By Professor Lucinda Becker
In the very first scene of the play , why does Cordelia not just speak up and declare her love for her father, King Lear, and gain her rightful share of the kingdom? It seems like an obvious question to ask. Given that she cares for him so lovingly, we might even suggest that she deserves more than her third – if the decision rests on daughterly love. The first answer to that question is equally obvious: ‘Because there would be no play if she did that.’ Yet Shakespeare rarely offers us the necessary conditions for a plotline without making the most of the opportunity; there is much more to Cordelia’s silence.
Before we explore further, let’s take a moment to look at the plotline. A dramatic plot frequently rests on expectations confounded or plans that are disrupted. At the opening of the play, we might presume that Lear has divided his kingdom equally: ‘...Know we have divided/In three our kingdom’ (I.1.37–8). Indeed, the play is sometimes performed with a huge map of his kingdom shown on stage, neatly divided for his daughters: the expected storyline could not be clearer. We know that the tragedy needs a broken narrative arc, but is there more to it than that? The simple answer is ‘yes’ (this is Shakespeare, after all!), and we are free to speculate on why Cordelia says so little. We cannot rely on her femininity being the root of her silence: her sisters are happy to praise their father and declare their love fulsomely. Shakespeare offers us female characters who are equally happy to speak out in public. Think of Titania standing up to Oberon in A Midsummer Night’s Dream (however, she is a fairy queen...) or Portia speaking up in court in defence of Antonio in The Merchant of Venice (but then she is dressed as a man at the time...). Desdemona speaks up very publicly and at length to defend her love for Othello, and Beatrice is certainly not shy in Much Ado about Nothing.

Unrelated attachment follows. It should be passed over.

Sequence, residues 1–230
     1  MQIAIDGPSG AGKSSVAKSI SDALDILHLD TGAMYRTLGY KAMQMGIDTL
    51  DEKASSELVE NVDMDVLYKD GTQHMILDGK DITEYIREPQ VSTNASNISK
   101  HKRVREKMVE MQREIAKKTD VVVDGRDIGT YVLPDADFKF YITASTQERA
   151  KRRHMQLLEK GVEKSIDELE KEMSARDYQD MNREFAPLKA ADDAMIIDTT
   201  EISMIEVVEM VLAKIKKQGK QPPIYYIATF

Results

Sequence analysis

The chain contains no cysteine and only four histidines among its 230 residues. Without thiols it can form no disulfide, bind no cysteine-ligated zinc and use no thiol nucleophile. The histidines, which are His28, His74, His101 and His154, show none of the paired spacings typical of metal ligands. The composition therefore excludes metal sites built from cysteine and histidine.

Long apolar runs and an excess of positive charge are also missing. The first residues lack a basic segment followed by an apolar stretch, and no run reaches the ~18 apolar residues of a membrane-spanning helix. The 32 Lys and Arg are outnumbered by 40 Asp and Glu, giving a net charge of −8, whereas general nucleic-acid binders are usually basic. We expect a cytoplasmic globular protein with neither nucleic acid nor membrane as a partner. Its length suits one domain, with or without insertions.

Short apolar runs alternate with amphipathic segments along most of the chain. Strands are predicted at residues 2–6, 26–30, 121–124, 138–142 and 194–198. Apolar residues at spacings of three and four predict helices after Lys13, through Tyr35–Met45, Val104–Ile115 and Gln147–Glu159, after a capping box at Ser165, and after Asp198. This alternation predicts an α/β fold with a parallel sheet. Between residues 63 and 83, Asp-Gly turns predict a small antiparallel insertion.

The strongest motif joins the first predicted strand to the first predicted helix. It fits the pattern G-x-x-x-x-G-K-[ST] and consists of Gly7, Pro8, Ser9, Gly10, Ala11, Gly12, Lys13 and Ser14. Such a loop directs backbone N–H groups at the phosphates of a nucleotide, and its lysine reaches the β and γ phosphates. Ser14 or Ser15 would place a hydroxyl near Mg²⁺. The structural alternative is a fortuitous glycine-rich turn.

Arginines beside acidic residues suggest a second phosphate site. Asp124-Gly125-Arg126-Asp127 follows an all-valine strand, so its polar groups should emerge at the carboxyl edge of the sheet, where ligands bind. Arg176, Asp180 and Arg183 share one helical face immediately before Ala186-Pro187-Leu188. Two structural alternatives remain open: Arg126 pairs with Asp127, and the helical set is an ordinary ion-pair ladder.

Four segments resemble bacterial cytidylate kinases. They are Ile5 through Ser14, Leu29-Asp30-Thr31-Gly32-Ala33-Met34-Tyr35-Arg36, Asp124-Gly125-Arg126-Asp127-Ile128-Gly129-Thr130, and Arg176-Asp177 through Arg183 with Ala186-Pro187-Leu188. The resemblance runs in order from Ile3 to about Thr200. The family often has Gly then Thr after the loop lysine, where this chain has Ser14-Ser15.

We know that Shakespeare’s female characters can speak out, yet Cordelia seems to be reluctant, as if she begrudges every word. Yet, if we take a look at what is actually said, we can see that not all is as it seems. Lear looks not to who might rule well, or how he can secure prosperity for his kingdom, but instead removes his decision from the public realm entirely by asking his daughters to earn their share by declaring the extent of their love:
Which of you shall we say doth love us most?
That we our largest bounty may extend
Where nature doth with merit challenge... (I.1.51–3)
Either Lear has already made his decision and is simply expecting to enjoy some gratitude and flattery, or he has lost his sense of kingship and has moved from public responsibility to private need. Whichever the case, as long as his daughters all play ball, nothing will be lost. The kingdom is already divided on a map, and all they have to do is claim their prize.
Shakespeare helps us out here by giving us the pattern of flattery that wins a kingdom (or at least part of it). Goneril declares that she loves:
As much as child e'er lov'd, or father found;
A love that makes breath poor, and speech unable.
Beyond all manner of so much I love you. (I.1.59–61)
It is lyrical, persuasive and so hyperbolic that it can take time to grasp the enormity of her claims. It does the trick, and Goneril is rewarded with a share of the kingdom. Regan, not to be outdone, makes clear that she can do even better:
Sir, I am made
Of the selfsame metal that my sister is,
And prize me at her worth… (I. 1. 69–70)